Lola Chantrelle Mitchell, the Memphis rapper and former member of Three 6 Mafia who, as Gangsta Boo, helped define the genre within the South together with her confident flows and forged a path for other female artists, died on Sunday. She was 43.
She was found dead on Sunday afternoon in a neighborhood west of Memphis International Airport, the Memphis Police Department said in a press release on Monday. “There have been no immediate signs of foul play,” the police said, adding that the investigation into her death was ongoing.
With clever lyrics that were at times flirtatious and playful, forceful and proud, Gangsta Boo quickly established herself within the Nineteen Nineties as a rising rap star who hailed from and flourished within the South. As a teen, she joined Three 6 Mafia, an underground rap group that may go on to grow to be some of the influential of its era.
In 1995, Gangsta Boo and the opposite members of the group, Juicy J and DJ Paul, released their debut album, “Mystic Stylez,” a nightmarish addition to the booming rap scene on the time. The album, a part of the subgenre of rap often known as horrorcore, captivated listeners with its dark references to death and murders, eerie beats and ominous vocals. Gangsta Boo referred to herself on the album as “the devil’s daughter,” capturing the supernatural tone of the project.
Three years later, Gangsta Boo released her first solo album, “Enquiring Minds.” It featured one in every of her best-known hits, through which she transformed a teasing line into its title and a sticky and memorable hook: “Where Dem Dollas At!?”
While the one hinted at a superficial sentiment, Gangsta Boo said in an interview with HipHop DX in 2014 that it also touched on the pressures of motherhood and raising a toddler.
“How can you’ve a baby by a dude that has nothing? I feel the identical,” she said. “I feel like that much more now. That’s why I don’t have kids. It’s got to be the appropriate one and the appropriate moment.”
Lola Chantrelle Mitchell was born in Memphis, where she was raised alongside three older brothers in an environment that she once described in an interview as “rough.”
“I got a hood in me because I had plenty of hood friends,” she said in an interview with All Urban Central in June of last 12 months. Details about her mother and father, and her birth date, weren’t immediately available. A listing of survivors was also not available.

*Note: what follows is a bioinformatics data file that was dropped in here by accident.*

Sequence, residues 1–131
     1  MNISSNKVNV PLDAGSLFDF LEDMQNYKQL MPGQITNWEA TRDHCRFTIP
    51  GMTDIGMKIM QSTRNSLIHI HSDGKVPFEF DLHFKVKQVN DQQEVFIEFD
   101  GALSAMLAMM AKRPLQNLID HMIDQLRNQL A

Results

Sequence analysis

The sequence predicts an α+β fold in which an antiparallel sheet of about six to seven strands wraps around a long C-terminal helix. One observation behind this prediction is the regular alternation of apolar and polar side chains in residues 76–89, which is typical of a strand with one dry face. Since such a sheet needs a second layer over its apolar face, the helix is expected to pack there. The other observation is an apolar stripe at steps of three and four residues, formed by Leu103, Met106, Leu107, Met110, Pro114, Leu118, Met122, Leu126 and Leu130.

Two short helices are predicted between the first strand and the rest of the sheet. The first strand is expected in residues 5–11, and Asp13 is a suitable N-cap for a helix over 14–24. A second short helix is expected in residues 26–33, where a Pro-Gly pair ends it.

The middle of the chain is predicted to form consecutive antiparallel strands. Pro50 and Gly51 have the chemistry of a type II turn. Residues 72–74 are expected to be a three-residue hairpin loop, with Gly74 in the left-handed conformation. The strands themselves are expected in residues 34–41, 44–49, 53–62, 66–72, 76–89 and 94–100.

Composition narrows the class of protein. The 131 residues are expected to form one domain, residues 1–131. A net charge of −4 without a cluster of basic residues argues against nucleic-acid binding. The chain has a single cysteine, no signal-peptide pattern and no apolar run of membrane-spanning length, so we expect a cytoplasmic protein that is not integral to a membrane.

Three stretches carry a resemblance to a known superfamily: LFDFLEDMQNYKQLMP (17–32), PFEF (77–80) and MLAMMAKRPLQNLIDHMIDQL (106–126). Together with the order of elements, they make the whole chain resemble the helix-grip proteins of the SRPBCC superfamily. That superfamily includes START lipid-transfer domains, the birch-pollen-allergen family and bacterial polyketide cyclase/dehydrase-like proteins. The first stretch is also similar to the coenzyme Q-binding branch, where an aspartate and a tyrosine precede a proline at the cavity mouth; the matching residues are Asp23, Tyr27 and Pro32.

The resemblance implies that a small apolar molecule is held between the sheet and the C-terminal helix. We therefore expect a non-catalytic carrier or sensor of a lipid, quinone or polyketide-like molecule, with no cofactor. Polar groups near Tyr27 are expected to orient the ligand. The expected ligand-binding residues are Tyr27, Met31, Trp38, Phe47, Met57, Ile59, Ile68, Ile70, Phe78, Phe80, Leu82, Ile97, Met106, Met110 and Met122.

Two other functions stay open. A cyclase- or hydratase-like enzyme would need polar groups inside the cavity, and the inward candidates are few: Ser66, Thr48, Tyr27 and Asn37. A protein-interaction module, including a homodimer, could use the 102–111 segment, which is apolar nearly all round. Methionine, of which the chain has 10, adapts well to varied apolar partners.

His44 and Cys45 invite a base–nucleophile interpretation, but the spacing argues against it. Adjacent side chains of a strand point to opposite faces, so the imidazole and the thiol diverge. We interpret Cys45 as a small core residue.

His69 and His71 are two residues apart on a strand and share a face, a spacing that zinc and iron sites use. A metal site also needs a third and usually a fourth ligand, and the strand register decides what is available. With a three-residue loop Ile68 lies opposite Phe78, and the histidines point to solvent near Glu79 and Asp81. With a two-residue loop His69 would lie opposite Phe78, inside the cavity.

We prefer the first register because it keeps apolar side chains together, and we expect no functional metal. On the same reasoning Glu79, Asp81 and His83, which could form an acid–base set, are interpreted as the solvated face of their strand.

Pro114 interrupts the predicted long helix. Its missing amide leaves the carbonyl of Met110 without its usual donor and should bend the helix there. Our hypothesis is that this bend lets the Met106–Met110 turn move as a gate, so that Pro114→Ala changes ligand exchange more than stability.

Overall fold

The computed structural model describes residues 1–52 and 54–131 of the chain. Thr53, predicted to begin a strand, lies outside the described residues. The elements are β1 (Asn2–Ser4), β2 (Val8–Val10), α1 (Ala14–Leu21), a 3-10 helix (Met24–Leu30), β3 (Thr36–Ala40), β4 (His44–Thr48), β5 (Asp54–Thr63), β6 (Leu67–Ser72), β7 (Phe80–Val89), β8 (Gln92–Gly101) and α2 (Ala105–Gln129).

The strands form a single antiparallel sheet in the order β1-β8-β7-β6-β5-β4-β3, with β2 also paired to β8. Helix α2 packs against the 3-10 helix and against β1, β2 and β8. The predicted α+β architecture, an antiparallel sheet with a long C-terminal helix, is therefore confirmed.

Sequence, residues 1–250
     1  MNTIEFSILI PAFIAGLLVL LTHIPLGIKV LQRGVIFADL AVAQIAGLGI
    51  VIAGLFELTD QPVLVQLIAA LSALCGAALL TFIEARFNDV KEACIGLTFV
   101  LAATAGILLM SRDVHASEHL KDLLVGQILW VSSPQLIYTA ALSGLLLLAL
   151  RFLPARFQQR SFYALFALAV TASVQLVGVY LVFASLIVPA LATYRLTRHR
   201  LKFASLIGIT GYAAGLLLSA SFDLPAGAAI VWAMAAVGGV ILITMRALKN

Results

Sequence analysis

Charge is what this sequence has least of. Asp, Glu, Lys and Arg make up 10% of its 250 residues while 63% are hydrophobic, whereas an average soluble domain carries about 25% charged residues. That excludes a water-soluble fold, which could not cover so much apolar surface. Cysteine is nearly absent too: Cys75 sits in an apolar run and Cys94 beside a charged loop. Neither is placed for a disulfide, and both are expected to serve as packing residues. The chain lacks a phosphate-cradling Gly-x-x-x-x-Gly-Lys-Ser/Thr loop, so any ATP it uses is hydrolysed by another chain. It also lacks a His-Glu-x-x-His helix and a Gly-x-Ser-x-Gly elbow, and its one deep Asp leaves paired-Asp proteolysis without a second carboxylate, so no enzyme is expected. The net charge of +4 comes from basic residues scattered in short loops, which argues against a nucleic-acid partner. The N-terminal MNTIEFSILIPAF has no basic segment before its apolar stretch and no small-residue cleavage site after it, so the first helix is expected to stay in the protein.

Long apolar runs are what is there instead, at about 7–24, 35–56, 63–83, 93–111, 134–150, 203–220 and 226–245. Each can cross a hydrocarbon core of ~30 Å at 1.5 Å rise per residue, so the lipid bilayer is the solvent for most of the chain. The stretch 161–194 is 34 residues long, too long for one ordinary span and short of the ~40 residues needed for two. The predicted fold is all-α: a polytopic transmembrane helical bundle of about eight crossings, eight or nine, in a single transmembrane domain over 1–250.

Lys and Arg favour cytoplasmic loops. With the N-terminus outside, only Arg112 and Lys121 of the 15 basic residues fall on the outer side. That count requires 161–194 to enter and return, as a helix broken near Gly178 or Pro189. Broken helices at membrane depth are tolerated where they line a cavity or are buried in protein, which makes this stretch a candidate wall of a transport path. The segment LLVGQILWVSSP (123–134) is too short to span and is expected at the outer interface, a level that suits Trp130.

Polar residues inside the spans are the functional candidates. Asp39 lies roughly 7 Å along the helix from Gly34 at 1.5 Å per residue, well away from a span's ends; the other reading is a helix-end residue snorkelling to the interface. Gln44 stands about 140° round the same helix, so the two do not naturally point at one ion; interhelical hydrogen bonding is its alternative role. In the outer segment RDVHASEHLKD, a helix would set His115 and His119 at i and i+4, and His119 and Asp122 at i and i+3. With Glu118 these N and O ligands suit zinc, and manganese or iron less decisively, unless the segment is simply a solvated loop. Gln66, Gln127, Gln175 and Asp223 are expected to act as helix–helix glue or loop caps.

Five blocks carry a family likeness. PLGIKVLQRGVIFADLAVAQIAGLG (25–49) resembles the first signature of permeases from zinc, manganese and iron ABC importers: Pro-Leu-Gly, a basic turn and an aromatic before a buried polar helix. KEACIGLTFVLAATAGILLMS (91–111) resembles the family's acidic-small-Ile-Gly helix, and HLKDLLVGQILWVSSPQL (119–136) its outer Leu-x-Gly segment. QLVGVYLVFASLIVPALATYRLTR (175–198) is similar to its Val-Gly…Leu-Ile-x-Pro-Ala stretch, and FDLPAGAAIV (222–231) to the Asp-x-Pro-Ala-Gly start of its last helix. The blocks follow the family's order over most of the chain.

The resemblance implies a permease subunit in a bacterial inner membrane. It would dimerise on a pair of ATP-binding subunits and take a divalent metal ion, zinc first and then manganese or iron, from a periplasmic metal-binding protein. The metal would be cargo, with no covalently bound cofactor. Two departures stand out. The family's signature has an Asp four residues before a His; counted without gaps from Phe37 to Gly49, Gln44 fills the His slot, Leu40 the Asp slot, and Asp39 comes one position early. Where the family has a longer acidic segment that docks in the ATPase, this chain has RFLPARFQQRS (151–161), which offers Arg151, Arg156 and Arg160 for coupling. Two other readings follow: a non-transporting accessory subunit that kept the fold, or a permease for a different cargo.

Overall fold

Gangsta Boo said that, as a toddler, she all the time felt comfortable around boys due to her brothers. Their neighborhood in Memphis was called Whitehaven, but Gangsta Boo said she and her siblings and friends nicknamed the neighborhood “Blackhaven,” because the realm’s residents were predominantly Black.
In class, she met DJ Paul, whose real name is Paul Duane Beauregard. Soon, the 2 bonded over their love of music.
Impressed by her lyricism, DJ Paul asked if she wanted to affix his crew, Three 6 Mafia. She did. At 16, Gangsta Boo made her first significant leap within the music industry.
“It just happened like that overnight,” she told All Urban Central, adding, “we took off type of fast.”
Gangsta Boo collaborated with Three 6 Mafia on several albums but left the group within the early 2000s to pursue a solo profession.
When asked why she left, she said in an interview with MTV in 2001: “There’s no problem. Sometimes people grow apart, and mainly that’s what it’s. There’s no drama, no beef. It’s still the identical. I just type of grew apart, and I’m not doing things that they’re doing. I’m not cursing in my music no more. We just grew apart like a wedding.”
That very same 12 months, Gangsta Boo renamed herself Lady Boo because she said that she was not “living the gangster lifestyle” and desired to align herself more closely with God. Her website still referred to her as Gangsta Boo on the time of her death.
The makeup of Three 6 Mafia evolved through the years. In 2006, after Gangsta Boo’s departure, the group won an Oscar for best original song with “It’s Hard Out Here for a Pimp,” from the film “Hustle & Flow.”
Later in her profession, Gangsta Boo collaborated with quite a few rappers, especially those with roots within the South.
She told Billboard last 12 months that “so far as female hip-hop and rap, I feel it’s in an excellent space.”
“They are saying, ‘Gangsta Boo walked so plenty of people can run,’” she added.
In recent times, she reflected on how she had been one in every of the primary female rappers to construct off the gangster rap image and sound that took off within the Nineteen Nineties, singing about smoking, payback and villainous intentions — themes typically reserved for men.
“Numerous guys in Memphis was like ‘Gangsta Pat,’ ‘Gangsta Black,’ — gangsta this, gangsta that,” she told All Urban Central.
But toward the tip of her life, the moniker had taken on an enhanced meaning.
“It’s more, you understand, just having fun with my life as a legendary gangster,” she said.
Livia Albeck-Ripka contributed reporting.